The pilot reported that he attempted to hand prop the unoccupied and unchocked airplane, but was unsuccessful. He returned to the cockpit to prime the engine, but then decided to instruct his passenger on how to enter and exit the cockpit, which she then practiced multiple times before exiting the airplane to watch the start procedures again. The pilot further reported that he attempted to hand prop the airplane a second time and the engine started and accelerated to a high revolution per minute (RPM) setting. The pilot was unable to restrain the airplane by holding the right wing lift strut and the airplane made a right circle, entered a wooded area, and impacted trees.
The airplane sustained substantial damage to the wings and fuselage. The pilot later reported that the airplane was not equipped with a parking brake.
The pilot reported that there were no preimpact mechanical failures or malfunctions with the airframe or engine that would have precluded normal operation.
Federal Aviation Administration’s Airplane Flying Handbook, FAA-H-8083-3A, contains a section titled “Hand Propping” which states: An engine should not be hand propped unless two people, both familiar with the airplane and hand propping techniques, are available to perform the procedure. The person pulling the propeller blades through directs all activity and is in charge of the procedure. The other person, thoroughly familiar with the controls, must be seated in the airplane with the brakes set. As an additional precaution, chocks may be placed in front of the main wheels. If this is not feasible, the airplane’s tail may be securely tied. Never allow a person unfamiliar with the controls to occupy the pilot’s seat when hand propping. The procedure should never be attempted alone.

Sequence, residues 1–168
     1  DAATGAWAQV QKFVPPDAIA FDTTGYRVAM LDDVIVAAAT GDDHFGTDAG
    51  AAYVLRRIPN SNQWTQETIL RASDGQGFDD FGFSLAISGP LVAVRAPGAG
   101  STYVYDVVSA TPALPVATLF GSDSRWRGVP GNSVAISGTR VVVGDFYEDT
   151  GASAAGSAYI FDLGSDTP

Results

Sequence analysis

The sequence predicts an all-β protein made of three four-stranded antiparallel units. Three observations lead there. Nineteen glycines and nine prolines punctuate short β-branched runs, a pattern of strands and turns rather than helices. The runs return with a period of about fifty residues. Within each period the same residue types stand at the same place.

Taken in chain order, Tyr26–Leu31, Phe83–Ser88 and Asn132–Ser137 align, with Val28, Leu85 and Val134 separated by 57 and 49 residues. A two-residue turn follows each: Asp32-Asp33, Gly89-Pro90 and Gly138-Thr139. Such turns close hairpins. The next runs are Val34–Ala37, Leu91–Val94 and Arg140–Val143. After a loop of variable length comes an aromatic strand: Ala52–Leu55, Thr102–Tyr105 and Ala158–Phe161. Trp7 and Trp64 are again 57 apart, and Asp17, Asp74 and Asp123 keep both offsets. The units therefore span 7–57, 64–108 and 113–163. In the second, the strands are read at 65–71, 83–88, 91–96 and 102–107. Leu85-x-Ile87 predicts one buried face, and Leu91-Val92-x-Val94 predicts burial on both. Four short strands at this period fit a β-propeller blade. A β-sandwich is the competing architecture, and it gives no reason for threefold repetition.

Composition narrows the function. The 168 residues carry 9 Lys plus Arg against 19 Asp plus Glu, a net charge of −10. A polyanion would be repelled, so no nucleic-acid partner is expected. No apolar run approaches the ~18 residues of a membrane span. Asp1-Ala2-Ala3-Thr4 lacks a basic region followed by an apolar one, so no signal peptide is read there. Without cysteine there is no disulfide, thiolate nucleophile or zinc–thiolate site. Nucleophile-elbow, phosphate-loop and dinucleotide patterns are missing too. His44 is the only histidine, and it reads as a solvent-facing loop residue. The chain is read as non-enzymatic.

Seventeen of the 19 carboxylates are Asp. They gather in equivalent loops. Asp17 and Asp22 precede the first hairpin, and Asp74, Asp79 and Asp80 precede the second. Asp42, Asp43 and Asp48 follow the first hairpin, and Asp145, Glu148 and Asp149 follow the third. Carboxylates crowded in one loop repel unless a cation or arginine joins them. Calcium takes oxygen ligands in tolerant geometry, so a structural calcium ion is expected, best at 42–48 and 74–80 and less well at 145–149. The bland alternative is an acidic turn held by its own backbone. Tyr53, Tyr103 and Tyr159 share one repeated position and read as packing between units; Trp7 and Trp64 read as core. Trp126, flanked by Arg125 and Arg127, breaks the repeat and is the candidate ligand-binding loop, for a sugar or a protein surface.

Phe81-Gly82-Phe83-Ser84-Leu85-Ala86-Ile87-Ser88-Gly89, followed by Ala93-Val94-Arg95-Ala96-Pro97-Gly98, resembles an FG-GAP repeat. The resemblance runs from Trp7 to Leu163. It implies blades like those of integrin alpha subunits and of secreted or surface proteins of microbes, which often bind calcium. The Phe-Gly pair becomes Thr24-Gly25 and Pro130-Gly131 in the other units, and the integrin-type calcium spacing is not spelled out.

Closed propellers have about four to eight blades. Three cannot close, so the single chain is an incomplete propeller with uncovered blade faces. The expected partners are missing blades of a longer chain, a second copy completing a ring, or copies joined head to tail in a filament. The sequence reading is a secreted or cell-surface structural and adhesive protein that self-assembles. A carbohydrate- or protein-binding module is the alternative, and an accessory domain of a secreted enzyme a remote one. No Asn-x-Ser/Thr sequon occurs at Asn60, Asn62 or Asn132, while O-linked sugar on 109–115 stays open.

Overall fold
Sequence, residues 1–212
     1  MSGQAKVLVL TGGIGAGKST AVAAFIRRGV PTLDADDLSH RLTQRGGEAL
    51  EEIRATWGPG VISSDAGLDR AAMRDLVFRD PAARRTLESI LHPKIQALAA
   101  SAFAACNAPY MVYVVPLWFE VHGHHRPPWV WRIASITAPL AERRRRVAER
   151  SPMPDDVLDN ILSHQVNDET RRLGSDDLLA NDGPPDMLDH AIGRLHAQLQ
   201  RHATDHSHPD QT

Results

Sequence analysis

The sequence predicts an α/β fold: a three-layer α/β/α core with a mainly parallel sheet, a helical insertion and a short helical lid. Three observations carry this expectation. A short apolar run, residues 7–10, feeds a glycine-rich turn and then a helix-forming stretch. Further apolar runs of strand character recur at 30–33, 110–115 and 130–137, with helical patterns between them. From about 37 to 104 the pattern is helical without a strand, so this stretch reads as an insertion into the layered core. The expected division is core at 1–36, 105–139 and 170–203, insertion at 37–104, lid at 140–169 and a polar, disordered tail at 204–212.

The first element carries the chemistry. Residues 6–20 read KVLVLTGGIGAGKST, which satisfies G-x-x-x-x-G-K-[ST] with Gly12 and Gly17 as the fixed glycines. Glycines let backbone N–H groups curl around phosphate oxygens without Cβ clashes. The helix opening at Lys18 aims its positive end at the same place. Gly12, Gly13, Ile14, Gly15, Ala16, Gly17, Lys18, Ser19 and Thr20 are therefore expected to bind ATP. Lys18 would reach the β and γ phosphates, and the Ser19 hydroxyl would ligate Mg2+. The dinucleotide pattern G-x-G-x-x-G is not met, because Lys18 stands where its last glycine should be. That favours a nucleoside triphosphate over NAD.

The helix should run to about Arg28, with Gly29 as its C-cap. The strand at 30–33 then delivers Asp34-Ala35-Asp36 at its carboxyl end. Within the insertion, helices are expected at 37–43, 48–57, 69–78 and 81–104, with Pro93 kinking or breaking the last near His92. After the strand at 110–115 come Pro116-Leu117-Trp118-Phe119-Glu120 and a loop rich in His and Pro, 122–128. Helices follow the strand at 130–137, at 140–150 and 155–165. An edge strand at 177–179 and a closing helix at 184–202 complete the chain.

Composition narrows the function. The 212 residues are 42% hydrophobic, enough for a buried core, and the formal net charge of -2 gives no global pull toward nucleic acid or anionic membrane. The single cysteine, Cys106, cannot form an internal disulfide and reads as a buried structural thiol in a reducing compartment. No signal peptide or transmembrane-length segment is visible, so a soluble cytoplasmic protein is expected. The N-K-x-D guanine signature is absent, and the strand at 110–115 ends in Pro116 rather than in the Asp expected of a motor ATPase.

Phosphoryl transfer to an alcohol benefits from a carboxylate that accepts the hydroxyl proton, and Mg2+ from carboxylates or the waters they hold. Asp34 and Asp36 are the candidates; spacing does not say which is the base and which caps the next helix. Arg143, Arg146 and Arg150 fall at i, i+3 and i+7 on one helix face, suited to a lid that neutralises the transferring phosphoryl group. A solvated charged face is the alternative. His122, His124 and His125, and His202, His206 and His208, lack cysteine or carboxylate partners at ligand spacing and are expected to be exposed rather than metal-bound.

Probable Cause: The pilot’s failure to use the proper hand propping procedures, resulting in a runaway airplane and an impact with trees.
The private pilot reported that he had started, warmed up, and then shut down the engine about 1 hour before the accident flight. Shortly after takeoff for the personal flight, the airplane’s engine lost total power. Subsequently, the pilot conducted a forced landing on a hill, which resulted in substantial damage to the nose landing gear, fuselage, and left wing.
The pilot said that he had fueled the airplane that morning with 82-octane automotive fuel that he had recently purchased from a service station. However, postaccident examination revealed that the fuel was yellow in color and smelled like “aged” automobile fuel. The top spark plugs appeared aged, and the electrodes were corroded, which could have affected engine performance. The airplane was not equipped with a fuel vapor return line to prevent fuel vapor lock. Given that old automotive fuel was found in the fuel system and that a fuel vapor return line had not been installed, it is likely that the engine lost power due to vapor lock. It is also likely that the corrosion of the spark plugs and the spacing of the electrode gaps contributed to the loss of engine power.
Probable Cause: A total loss of engine power due to fuel vapor lock. Contributing to the loss of engine power were the corrosion of the spark plugs and the spacing of the electrode gaps.